YouTube is the place to be if you want to watch video. Whether you’re looking for cute videos of kittens or how-to videos on burning a CD, YouTube has it all. Founded in 2005, YouTube earned an early reputation as a place for poor production values and content with little redeeming value. But the website has transformed, and today you’re just as likely to find a slickly produced short film as you are a grainy home movie.
In short, going viral. With the right mix of humor and wit, a cheaply produced video posted for free on YouTube can launch you and your business into the next big thing. Back in the early days of YouTube (2006), Bank of America had a viral video on its hands when two employees earnestly sang the praises of its merger with MBNA to the tune of U2’s “One.” Today, YouTube offers easy-to-use tools for any business to set up a customized channel to house its videos, which can then be repurposed as content for its website. YouTube also now features a number of interactive tools, which allow people to comment and share videos.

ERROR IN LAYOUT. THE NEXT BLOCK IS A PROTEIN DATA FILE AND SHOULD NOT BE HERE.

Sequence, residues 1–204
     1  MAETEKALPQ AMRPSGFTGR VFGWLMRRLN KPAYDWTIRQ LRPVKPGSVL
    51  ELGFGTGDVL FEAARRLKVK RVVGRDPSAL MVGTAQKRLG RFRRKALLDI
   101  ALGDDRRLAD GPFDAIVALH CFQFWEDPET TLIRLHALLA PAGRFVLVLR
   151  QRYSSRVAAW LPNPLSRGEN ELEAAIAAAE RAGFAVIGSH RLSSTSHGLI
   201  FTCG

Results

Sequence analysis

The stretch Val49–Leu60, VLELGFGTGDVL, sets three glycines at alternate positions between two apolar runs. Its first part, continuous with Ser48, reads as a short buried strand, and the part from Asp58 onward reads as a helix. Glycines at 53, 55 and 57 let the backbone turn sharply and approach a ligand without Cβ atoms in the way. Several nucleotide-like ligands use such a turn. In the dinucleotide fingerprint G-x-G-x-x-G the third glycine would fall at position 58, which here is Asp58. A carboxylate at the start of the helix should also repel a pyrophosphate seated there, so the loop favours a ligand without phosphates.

If you don’t use YouTube to host your video, you’re probably going to have to pay someone. Video streaming calls for a lot of bandwidth, which in turn costs money. But with YouTube, you get the bandwidth for free. It’s also another way to go direct to your consumers without paying a dime. Short videos of two minutes or less of you and your staff can put a human face on your organization and help form a bond with existing and future customers.
Luke M. Vaillancourt, director of digital marketing for Vaillancourt Folk Art in Sutton, has a leg up on the average marketer. He learned the art of video editing while in college and now employs those skills in the family business. One of the company’s most successful video efforts was documenting the process of creating a 100-pound chalkware rabbit over a period of 16 months. Visitors could track the project’s progress via the company’s YouTube channel, which is featured on its website and distributed via its Facebook and Twitter pages. Eventually the “big bunny” sold for $4,500 to a collector out of St. Louis, Mo. Vaillancourt credits the videos for helping build buzz around the project. “We do a lot of shows around the nation… and people kept telling us that they loved what we were doing with this piece,” he said.